“What the mothers are discovering is it’s impossible… They are being forced to choose: Which child do I save?”
Bedein was talking to the The Punch yesterday at the Sderot police station. In the past week, more than 100 Hamas missiles have hit this working class city of more than 20,000 people.
“This can’t continue,” he tells us. “It has to stop.”
Bedein, who has lived in the border town of Sderot for six years, said Israeli air strikes were continuing into the early evening and that residents were preparing for a full scale retaliation from Hamas factions in Gaza.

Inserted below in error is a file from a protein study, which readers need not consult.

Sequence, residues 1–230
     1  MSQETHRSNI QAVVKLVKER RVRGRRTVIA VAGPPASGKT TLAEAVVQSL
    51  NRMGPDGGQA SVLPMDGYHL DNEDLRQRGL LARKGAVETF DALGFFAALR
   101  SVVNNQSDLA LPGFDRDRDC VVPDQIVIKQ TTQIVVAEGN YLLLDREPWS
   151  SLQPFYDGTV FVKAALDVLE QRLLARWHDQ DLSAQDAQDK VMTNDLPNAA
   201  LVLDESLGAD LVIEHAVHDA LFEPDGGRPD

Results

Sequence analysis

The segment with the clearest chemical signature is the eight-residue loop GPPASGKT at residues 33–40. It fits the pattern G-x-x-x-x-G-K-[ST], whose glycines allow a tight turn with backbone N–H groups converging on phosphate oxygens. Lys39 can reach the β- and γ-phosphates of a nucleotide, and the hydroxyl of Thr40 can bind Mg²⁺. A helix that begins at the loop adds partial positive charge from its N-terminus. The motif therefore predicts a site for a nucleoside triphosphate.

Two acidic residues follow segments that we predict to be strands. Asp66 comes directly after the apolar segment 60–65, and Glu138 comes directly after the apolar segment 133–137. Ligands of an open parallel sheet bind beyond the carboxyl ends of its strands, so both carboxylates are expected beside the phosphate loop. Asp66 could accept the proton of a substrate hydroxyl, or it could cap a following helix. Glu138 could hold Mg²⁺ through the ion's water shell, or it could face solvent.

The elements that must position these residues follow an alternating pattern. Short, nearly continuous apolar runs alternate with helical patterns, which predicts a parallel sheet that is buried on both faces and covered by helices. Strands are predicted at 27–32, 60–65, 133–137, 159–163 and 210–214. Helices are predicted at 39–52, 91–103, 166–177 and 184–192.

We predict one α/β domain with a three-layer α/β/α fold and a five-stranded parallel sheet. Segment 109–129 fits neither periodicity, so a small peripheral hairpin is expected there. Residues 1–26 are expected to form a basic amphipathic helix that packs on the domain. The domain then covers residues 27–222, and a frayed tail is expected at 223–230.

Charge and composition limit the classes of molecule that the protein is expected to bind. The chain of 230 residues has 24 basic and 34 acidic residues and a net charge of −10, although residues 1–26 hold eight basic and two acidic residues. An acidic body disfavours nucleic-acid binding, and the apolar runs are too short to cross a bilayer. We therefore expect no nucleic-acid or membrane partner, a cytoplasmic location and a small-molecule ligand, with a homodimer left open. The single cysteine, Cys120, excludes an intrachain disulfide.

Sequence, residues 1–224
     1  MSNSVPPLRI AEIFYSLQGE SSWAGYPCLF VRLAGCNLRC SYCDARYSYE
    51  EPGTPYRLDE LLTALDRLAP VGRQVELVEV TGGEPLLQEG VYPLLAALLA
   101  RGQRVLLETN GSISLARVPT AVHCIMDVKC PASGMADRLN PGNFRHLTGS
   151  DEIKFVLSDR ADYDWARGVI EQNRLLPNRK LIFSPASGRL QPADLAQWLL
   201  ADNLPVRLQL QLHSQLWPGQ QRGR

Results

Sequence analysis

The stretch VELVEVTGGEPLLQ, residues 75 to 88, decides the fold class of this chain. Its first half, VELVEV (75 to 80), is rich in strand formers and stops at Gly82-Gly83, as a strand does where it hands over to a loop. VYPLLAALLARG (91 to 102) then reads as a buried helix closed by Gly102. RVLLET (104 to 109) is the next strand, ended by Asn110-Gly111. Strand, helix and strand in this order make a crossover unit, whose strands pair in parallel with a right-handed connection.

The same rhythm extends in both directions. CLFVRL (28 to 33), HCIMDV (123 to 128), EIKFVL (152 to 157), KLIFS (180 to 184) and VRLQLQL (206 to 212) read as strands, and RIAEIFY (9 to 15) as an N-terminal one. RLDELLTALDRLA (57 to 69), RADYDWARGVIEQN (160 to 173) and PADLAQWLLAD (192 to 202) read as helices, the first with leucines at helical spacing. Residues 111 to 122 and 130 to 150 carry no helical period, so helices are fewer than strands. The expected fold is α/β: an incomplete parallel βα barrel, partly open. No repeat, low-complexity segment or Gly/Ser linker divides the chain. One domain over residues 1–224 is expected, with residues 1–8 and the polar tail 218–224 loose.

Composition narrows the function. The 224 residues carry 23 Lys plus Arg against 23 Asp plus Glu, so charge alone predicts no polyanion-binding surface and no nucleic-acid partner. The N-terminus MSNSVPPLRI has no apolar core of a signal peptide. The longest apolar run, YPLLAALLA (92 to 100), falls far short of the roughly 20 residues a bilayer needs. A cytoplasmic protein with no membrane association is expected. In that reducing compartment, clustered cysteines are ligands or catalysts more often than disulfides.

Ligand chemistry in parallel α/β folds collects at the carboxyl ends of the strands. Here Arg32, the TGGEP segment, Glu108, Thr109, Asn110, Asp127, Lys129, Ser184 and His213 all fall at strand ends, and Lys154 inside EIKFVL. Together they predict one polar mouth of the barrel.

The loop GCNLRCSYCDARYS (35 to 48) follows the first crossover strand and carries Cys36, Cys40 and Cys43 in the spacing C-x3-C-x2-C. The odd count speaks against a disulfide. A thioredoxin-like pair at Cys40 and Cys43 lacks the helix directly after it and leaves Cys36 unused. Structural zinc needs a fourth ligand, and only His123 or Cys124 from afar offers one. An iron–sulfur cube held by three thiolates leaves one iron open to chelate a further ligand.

“It’s crazy, there are explosions everywhere.”
He said the town’s 20,000 residents had been ordered into shelters and schools had been closed indefinitely.
“It’s very intense at the moment. We are preparing for a full attack. It’s crazy, there are explosions everywhere.”
The Australian-born Israeli Government spokesman Mark Regev defended the strikes claiming that Israel was defending itself after days of rocket attacks on its civilians.
“No one should have to live this way,” he said. “We have acted as any responsible government would do to protect them.”
Al-Jabari has been responsible for hundreds of rocket attacks on Israeli towns including the Be’er Sheva, where the Australian light horse brigade are remembered for their heroic feats in 1918 - defending a land that is in a constant state of war.